There are exemptions to state registration, a handful of them; something to be aware of is that large franchisees, those franchisees that have been in business for five years or longer, those franchisees with a minimum net worth of $5 million dollars, may provide you with an exemption that you can offer them a franchise without going through state registration. Large initial investments, where the initial individual investment is at least $1 million dollars will allow you to exclude financing received on the franchise system.
Other exemptions that will take place are sales to existing franchisees, franchisee to franchisee transfers, isolated franchises in some states where not more than one sale is going to take place in a 12-month period, sales to insiders at your corporation may not need to meet state registration because it’s an insider transaction. There are exemptions for large net worth and experienced franchisors, so you’ll see that many franchisors, once they reach a certain size, will apply for an exemption in the state and if the state has the exemption, they may not need to register going forward because of their size.
These exemptions vary from state to state, and you have to be careful that you don’t assume that just because you meet an exemption in one state, you’re now exempt in other states. Again, you’re dealing with an area of the law which experienced franchise counsel will understand, experienced franchise consultants will understand, but most general counsel - people that deal in franchising only occasionally - they may get tripped up on it, and it’s simple enough to just deal with experienced counsel.
21 jurisdictions regulate some aspect of the franchise relationship. 20 states have relationship laws that limit your rights to terminate franchises, and those limitations may be that you need good cause, that you have to give them advance notice, generally 30 to 120 days, that your term of renewal in good faith and notice in disputes - these are all areas where relationship laws are important; again, you’re going to be working with counsel and once counsel gives you advice you’re usually fine with that.
19 states are going to restrict your rights not to renew, so you may think that just because your contract ends that you don’t have to give the franchisee a renewal term, quite frankly that might be limited by good cause, an advance notice of non-renewal. Four states, California, Illinois, Michigan and Washington, require a non-renewing franchisor to actually repurchase the franchisee’s assets. So you have to be somewhat careful what states you’re going into and understand what happens at the end of the term as far as your restrictions not to renew a franchisee in those states.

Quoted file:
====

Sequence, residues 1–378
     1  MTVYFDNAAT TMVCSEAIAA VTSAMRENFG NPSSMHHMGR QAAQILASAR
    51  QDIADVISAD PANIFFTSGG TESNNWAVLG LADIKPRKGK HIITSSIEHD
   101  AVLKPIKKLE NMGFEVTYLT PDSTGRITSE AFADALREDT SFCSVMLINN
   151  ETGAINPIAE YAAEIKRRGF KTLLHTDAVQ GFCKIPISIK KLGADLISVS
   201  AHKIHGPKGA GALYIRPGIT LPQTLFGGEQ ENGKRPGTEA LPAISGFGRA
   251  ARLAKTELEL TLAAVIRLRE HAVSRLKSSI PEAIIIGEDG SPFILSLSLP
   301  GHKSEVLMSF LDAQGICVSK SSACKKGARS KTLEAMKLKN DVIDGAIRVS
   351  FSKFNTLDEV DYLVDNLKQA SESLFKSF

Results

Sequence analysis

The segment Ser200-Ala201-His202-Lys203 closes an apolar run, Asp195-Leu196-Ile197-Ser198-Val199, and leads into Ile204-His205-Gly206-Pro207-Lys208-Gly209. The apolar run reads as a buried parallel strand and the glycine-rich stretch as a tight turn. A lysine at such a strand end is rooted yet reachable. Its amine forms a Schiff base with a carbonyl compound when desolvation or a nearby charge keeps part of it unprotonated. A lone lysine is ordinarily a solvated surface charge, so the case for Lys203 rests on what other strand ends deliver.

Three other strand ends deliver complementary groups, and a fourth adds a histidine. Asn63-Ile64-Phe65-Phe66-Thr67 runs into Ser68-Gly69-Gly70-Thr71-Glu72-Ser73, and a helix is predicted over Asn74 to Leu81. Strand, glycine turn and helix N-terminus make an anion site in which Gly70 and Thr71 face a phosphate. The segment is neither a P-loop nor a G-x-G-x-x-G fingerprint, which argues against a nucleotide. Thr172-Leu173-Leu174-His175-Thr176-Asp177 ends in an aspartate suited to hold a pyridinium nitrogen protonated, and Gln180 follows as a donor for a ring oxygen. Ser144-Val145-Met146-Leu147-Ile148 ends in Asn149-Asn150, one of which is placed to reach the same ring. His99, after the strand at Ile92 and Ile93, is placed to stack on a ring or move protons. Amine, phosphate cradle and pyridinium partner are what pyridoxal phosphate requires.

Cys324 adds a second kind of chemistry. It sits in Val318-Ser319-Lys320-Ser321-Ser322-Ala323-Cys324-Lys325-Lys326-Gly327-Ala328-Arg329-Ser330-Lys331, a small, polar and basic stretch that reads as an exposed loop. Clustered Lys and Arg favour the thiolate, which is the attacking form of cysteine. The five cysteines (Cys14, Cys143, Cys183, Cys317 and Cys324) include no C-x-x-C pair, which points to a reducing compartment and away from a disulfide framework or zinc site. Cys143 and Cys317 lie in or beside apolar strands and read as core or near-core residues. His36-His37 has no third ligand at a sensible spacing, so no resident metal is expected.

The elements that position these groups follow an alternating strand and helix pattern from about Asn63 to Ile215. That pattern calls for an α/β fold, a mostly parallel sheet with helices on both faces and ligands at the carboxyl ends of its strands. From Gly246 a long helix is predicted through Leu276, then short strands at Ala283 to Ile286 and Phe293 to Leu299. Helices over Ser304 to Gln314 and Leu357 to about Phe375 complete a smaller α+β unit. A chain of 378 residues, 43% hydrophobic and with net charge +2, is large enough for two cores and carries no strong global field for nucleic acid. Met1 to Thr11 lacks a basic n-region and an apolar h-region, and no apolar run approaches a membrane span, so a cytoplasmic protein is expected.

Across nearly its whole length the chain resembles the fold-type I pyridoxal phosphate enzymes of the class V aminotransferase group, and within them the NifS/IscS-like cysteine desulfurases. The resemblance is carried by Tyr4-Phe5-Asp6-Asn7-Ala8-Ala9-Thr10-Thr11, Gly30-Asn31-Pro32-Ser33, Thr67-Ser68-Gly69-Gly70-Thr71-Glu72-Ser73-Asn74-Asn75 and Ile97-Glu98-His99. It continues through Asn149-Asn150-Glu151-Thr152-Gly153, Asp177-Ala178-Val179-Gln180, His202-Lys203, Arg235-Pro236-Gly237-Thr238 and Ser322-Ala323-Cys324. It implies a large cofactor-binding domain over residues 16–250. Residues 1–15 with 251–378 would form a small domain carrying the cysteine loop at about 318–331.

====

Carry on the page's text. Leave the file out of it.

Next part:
The relationship law states, those states that may have issues related to non-renewal and termination and things like that, are Alaska, Arkansas, California, Connecticut, Delaware, District of Columbia has that rule, Hawaii, Illinois, Indiana, Iowa, Louisiana, Michigan, Minnesota, Mississippi, Missouri, Nebraska, New Jersey, North Carolina, Rhode Island, South Dakota, Virginia, Washington, and Wisconsin.
Also keep in mind there is no right of private action under the FTC Rule. What that basically means is if a franchisor violates the federal trade commission’s franchise rule, you can’t generally sue the franchisor for the violation of the rule, it’s a regulatory matter, and only the FTC can take action against the franchisor. However, there are states that have what we call a “little FTC acts” which may provide you with additional rights to take action personally against the franchisor for violation of the rule. It depends upon the language in each state law, so if you are looking as a franchisee that you believe the franchisor may have violated the rule and it’s part of what you are looking to litigate or arbitrate over, just because there’s no private right of action under the federal rule, speaking to a qualified franchisee lawyer, they can tell you where there’s a baby FTC act or little state FTC act which may give you additional rights to take action and hold the franchisor’s feet to the fire.
Some states prohibit discriminating against similarly situated franchisees, and what we’re talking about there is negotiations. So those laws are in Hawaii, Illinois, Indiana, Minnesota, Washington, for instance; California requires disclosure of material changes within the last 12 months. And there are variations in initial franchise fees that have to be disclosed in Item 5 in various states. When you are a franchisor, especially when you’re a new franchisor, there’s always a sense that you should negotiate with the franchisee terms just to make the sale. Understand that that may need to be disclosed, and once it’s disclosed, you can expect all of the other franchisees that will follow are going to want a similar type of change to their documents if it’s beneficial.